American and Japanese scientists are preparing to launch the world’s first wooden artificial satellite next summer as an environmentally friendly alternative to the aluminum ones currently circling the Earth. With the number of satellites expected to increase dramatically in the coming years—and more than 100 trillion untracked pieces of old satellites already in orbit—researchers are worried that such debris will soon cause problems for our planet and human-made structures in space.
“We are very concerned with the fact that all the satellites which re-enter the Earth’s atmosphere burn and create tiny alumina particles, which will float in the upper atmosphere for many years,” Takao Doi, a Japanese astronaut and aerospace engineer with Kyoto University, told BBC News’ Justin Harper in 2020. “Eventually, it will affect the environment of the Earth.”
In 2020, a team of Japanese researchers launched the LignoStella Space Wood Project to test the durability of three different types of wood in space: Erman’s birch, Japanese cherry and magnolia bovate. They subjected the samples to exposure tests for more than 290 days on the International Space Station before returning them to Earth earlier this year. The team’s analysis found that despite the harsh conditions of space, the wood samples had no measurable changes in mass and showed no signs of decomposition or damage.
“When you use wood on Earth, you have the problems of burning, rotting and deformation, but in space, you don’t have those problems: There is no oxygen in space, so it doesn’t burn, and no living creatures live in them, so they don’t rot,” Koji Murata, a researcher at Kyoto University, tells CNN’s Rebecca Cairns.
Based on their tests, the team determined that the magnolia wood—or “Hoonoki” in Japanese—would likely make the best material for a satellite based on its “workability, dimensional stability and overall strength,” per a statement from the university.
Wooden satellites could have several advantages over the traditional metal ones. Unlike metal, wood completely burns up when re-entering the Earth’s atmosphere, and it doesn’t release harmful substances or debris in the process. A recent study from the National Oceanic Atmospheric Administration found that aluminum and exotic metals from rockets and satellites are present in about 10 percent of the aerosol particles in the stratosphere. This number could grow to about 50 percent, depending on how many satellites are launched into low Earth orbit, per the paper. Researchers have cautioned that these particles could damage the Earth’s ozone layer.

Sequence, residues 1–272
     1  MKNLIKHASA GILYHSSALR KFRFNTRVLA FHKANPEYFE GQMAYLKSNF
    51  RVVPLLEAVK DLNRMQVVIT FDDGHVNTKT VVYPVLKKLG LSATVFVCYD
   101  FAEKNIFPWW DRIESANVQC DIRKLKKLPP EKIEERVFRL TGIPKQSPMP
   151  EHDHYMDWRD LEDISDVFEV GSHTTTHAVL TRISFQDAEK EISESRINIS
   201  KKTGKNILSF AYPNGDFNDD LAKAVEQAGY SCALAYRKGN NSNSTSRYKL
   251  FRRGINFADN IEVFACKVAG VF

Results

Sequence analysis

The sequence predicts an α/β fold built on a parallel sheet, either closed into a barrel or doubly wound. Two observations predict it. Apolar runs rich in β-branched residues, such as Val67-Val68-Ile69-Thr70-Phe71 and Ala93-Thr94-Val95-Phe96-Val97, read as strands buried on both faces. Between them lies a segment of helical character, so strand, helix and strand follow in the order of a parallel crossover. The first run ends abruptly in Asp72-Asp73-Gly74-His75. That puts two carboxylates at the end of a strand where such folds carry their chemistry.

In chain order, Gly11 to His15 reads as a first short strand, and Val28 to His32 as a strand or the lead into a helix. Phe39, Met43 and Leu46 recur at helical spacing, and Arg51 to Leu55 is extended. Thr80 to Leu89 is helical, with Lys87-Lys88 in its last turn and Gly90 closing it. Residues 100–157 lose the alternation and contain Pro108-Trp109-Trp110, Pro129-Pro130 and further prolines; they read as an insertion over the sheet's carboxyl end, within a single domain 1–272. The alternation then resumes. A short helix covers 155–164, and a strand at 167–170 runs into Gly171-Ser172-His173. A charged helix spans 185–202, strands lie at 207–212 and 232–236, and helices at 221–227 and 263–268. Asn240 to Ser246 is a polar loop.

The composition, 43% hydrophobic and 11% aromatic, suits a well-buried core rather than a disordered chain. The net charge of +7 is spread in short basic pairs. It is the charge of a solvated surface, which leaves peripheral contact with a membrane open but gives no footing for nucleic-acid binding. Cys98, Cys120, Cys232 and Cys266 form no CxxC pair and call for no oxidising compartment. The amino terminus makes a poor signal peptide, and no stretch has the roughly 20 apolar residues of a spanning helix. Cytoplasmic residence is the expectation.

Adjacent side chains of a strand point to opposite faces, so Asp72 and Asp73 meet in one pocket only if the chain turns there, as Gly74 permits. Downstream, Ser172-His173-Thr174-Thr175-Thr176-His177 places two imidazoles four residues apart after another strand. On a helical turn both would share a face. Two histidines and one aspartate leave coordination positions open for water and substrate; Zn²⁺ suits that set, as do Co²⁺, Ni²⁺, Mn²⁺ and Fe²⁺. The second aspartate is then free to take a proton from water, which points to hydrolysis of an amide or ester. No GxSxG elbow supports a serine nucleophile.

As of September, about 10,590 satellites were orbiting our planet, with roughly 8,800 of them still functioning. In total, the mass of all space objects in Earth’s orbit adds up to more than 11,000 tons. And that number is only slated to grow—estimates suggest 2,500 satellites will be launched each year on average between now and 2031.
Defunct satellites can pose a major risk to the ones that are still functioning or to spacecraft. In low Earth orbit, the impact speed of orbital debris can reach more than nine miles per second—over ten times as fast as a bullet, per NASA.
Wood may also prove to be an advantageous satellite material choice because electromagnetic waves can penetrate through it, meaning components like antennae could be held inside the satellite body instead of sticking out of it, simplifying the design.
But still, wooden space structures come with lots of unknowns, as Tatsuhito Fujita, an engineer at the Japanese space agency JAXA who has been involved in reviewing the LignoSat project, tells CNN.
“The use of natural resources for space hardware [makes sense] from a sustainable development goals perspective, but since wood has never been used in satellites, we cannot tell what kind of benefit we can obtain at this moment,” Fujita tells the publication.
NASA and JAXA will likely launch the joint LignoSat mission in the summer of 2024. Researchers will monitor the satellite for at least six months to see how it performs.